Wednesday, July 26, 2006

Peas and Carrots

Now that our latest visitors are gone, we're turning our attention back to our much-neglected garden... before our next visitors arrive.

I wanted you all to see the picture I took of a carrot from our garden.

These long-awaited (and blogged about) beauties were sweet, just as the snow promised.

The children were very excited to pick these with us. They LOVED pulling on the tops and seeing the carrots pop up out of the ground. We had quite a few of them, too...

And since the peas were ready for picking, too, we decided to put the peas and carrots together one night and saute them up for a side dish:

Lest you think that I grew giant peas, please understand that a very valuable lesson was learned in our home about soil conditions in far southwest Virginia. Apparently, carrots just don't do well in our soil, and they never get much bigger than this! Ahhh! But a lesson lived is a lesson learned! We'll be buying our carrots next year!

The peas were very good (and of normal size!) so, we probably will endeavor to grow those again.


Rachel said...

Just a thought, Amy, but maybe next year you could grow carrots in containers? Or raised beds? I am not sure what soil requirements they have, but you could certainly make them closer to what carrots need, if you do that. You could easily use those 5 gallon buckets that the bakery departments in grocery stores use for their frostings. They will usually give them away, although you would have to do the cleaning out. That would also mean you could move them around when you needed to, not to mention being able to add the soil in them to the garden at the end of the season, and stack the buckets inside one another in the basement/garage.

A raised bed, or a "lasagna garden" would be another way to make sure your soil met carrot requirements. And it would be easy, too, relatively speaking.

There are some good books out there on both container, raised bed, and lasagna gardening...


Lora K. said...

I think your carrots are great! A lot of people pay good money for "baby carrots".

Amy Howard said...


Thanks for the encouragement to sell those baby carrots! Maybe if I try Rachel's advice I'll have more than baby carrots to sell, though!


Thanks for all the advice. you know, I thought about lasagne or square foot gardening for next year anyway. I first ran across the book about lasagne gardening about six months ago and thought it looked interesting. Have you ever tried it yourself? If so, how did it work for you?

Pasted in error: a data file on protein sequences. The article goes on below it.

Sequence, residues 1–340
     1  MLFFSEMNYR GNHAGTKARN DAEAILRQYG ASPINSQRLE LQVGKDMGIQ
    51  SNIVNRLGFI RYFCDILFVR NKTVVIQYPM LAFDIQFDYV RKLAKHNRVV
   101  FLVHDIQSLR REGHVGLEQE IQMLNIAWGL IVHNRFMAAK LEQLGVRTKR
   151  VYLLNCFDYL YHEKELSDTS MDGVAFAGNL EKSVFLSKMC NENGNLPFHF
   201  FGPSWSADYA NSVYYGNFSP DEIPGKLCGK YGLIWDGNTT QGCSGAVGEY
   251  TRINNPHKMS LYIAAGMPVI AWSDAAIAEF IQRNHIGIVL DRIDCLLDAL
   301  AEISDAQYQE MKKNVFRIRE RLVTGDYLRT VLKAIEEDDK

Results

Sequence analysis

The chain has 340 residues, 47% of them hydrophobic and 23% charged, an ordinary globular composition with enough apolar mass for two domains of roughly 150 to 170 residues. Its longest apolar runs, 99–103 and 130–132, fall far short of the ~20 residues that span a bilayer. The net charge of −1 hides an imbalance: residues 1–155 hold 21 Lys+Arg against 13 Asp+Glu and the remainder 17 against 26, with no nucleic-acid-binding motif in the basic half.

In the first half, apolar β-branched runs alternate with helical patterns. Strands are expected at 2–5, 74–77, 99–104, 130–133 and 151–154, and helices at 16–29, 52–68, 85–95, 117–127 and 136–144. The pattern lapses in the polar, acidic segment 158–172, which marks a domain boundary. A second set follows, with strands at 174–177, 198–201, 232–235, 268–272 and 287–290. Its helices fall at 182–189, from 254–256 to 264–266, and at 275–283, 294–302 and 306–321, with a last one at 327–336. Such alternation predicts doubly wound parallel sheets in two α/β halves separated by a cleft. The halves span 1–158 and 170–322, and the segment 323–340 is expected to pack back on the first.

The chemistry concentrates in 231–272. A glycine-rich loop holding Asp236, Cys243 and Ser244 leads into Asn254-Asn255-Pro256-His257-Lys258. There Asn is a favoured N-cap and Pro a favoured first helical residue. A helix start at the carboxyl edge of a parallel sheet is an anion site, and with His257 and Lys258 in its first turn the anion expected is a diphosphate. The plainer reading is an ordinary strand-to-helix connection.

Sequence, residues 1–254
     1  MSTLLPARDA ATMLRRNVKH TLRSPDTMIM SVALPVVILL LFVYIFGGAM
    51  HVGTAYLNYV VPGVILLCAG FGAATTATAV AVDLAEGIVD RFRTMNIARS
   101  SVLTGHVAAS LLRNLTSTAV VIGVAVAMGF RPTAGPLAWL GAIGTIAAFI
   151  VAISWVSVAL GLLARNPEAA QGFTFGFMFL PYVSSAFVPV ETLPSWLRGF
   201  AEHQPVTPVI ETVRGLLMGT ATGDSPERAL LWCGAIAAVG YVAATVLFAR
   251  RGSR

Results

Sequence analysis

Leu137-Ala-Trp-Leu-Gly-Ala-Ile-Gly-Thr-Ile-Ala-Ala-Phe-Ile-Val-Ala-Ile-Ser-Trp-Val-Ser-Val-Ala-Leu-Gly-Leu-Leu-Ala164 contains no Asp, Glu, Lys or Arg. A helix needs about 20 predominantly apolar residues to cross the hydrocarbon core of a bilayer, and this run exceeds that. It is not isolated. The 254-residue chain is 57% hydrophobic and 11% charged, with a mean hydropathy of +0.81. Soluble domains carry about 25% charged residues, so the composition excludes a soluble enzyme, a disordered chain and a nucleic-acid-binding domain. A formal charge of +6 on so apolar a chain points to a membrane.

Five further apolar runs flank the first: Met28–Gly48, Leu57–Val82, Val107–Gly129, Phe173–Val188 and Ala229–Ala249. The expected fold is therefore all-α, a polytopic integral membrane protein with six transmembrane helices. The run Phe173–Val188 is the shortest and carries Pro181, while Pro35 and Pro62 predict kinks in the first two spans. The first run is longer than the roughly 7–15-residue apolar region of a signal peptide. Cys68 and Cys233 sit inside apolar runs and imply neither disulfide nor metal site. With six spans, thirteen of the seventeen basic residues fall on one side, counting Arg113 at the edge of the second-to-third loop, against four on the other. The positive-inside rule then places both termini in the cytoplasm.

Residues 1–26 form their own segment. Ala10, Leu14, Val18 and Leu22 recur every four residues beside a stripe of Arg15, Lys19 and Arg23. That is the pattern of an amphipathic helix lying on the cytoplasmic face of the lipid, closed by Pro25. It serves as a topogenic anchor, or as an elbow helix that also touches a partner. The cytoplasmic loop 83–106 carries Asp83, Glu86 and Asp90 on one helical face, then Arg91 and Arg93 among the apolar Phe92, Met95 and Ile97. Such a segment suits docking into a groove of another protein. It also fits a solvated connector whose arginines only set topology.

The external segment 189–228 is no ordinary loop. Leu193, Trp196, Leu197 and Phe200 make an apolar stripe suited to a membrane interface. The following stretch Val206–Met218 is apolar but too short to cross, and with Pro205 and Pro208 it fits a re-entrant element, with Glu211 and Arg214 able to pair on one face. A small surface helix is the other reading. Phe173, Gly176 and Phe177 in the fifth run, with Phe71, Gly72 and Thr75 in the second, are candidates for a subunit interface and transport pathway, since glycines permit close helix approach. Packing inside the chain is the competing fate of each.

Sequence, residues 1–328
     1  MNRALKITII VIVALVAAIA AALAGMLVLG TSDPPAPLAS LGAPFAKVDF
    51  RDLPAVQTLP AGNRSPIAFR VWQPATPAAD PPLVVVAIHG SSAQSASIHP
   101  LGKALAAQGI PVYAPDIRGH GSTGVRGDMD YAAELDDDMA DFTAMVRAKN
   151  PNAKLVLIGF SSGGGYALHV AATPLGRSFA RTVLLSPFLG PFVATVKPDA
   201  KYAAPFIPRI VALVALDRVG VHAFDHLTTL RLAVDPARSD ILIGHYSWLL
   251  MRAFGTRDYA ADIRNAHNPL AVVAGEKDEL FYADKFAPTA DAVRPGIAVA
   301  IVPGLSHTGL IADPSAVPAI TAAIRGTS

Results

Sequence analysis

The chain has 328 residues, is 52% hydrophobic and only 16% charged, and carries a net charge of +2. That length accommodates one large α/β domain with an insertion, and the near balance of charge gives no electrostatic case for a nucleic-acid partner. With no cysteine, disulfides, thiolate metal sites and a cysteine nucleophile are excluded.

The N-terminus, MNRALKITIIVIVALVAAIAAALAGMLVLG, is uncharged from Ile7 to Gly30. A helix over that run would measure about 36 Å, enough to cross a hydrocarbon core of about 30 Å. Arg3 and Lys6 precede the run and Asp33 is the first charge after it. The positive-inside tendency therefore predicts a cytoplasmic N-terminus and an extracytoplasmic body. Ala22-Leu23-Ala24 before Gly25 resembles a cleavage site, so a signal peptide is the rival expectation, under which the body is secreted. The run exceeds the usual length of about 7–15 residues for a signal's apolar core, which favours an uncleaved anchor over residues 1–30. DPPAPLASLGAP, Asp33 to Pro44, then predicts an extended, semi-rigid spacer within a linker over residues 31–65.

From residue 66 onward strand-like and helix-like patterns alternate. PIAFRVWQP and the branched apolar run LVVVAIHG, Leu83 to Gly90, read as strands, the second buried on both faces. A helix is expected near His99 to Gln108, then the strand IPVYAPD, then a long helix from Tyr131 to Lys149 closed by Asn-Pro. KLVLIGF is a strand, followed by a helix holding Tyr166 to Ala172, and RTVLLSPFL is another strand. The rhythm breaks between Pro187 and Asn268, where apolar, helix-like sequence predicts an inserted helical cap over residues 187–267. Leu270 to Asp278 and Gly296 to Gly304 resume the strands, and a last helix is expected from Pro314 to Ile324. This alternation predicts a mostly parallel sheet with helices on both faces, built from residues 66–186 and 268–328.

I have a friend here who has had success with her carrots using Square Foot Gardening. She bought her house from someone who had already built the raised beds and put in some really rich, organic compost. Her carrots looked beautiful, and of normal size.

Do you think maybe if I use your idea of the frosting buckets for my carrots next year my carrots would turn out even sweeter? ;0)

Rachel said...

Amy, I don't know if the buckets would make the carrots sweeter, but if you can't make raised beds, that might be the way to go.

Square Foot Gardening is really good, but it also pays to make sure you put compatible vegetables together (I recommend "Carrots love Tomatoes"--another good gardening book--on what to avoid as far as planting companions are concerned.

I've done raised beds. We went to a stable and got two truck loads of manure (the "dirt" where we are doesn't qualify as soil--we're down in NC, Sandhills area), as well as many many many many bags and loads of leaves and yard debris during the fall that we rototilled into the beds.

I've not done lasagna gardening myself, but I have friends who have and have had good success with it. I have also heard of folks growing their tomatoes and potatoes in straw bales....they would dig out a chunk of the top of the bale, and then place the plant in the hole....pack dirt in all around it, and make sure it stays watered...the straw acts as a mulch of sorts, and the roots grow right down in there. AND you don't have to weed right around the plant (something to consider as well).


Tidbitsof Torah said...

remembering the days when I also had a full garden. Corn, chick peas, green beans, carrots, potatos, tomatos, squash